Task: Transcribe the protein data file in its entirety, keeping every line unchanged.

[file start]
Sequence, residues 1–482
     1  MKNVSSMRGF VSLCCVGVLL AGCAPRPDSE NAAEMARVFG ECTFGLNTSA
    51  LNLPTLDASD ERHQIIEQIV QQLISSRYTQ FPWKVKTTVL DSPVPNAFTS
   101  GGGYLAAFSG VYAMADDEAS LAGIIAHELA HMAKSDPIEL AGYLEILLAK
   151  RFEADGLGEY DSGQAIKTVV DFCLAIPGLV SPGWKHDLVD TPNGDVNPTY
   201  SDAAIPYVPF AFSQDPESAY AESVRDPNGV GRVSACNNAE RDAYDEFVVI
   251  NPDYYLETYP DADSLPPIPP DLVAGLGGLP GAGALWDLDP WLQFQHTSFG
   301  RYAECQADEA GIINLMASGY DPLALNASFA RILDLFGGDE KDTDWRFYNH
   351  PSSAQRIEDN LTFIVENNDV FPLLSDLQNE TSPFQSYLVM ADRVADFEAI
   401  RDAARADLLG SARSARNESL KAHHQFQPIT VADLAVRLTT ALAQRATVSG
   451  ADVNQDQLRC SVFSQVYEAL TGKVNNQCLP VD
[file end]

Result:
Sequence, residues 1–482
     1  MKNVSSMRGF VSLCCVGVLL AGCAPRPDSE NAAEMARVFG ECTFGLNTSA
    51  LNLPTLDASD ERHQIIEQIV QQLISSRYTQ FPWKVKTTVL DSPVPNAFTS
   101  GGGYLAAFSG VYAMADDEAS LAGIIAHELA HMAKSDPIEL AGYLEILLAK
   151  RFEADGLGEY DSGQAIKTVV DFCLAIPGLV SPGWKHDLVD TPNGDVNPTY
   201  SDAAIPYVPF AFSQDPESAY AESVRDPNGV GRVSACNNAE RDAYDEFVVI
   251  NPDYYLETYP DADSLPPIPP DLVAGLGGLP GAGALWDLDP WLQFQHTSFG
   301  RYAECQADEA GIINLMASGY DPLALNASFA RILDLFGGDE KDTDWRFYNH
   351  PSSAQRIEDN LTFIVENNDV FPLLSDLQNE TSPFQSYLVM ADRVADFEAI
   401  RDAARADLLG SARSARNESL KAHHQFQPIT VADLAVRLTT ALAQRATVSG
   451  ADVNQDQLRC SVFSQVYEAL TGKVNNQCLP VD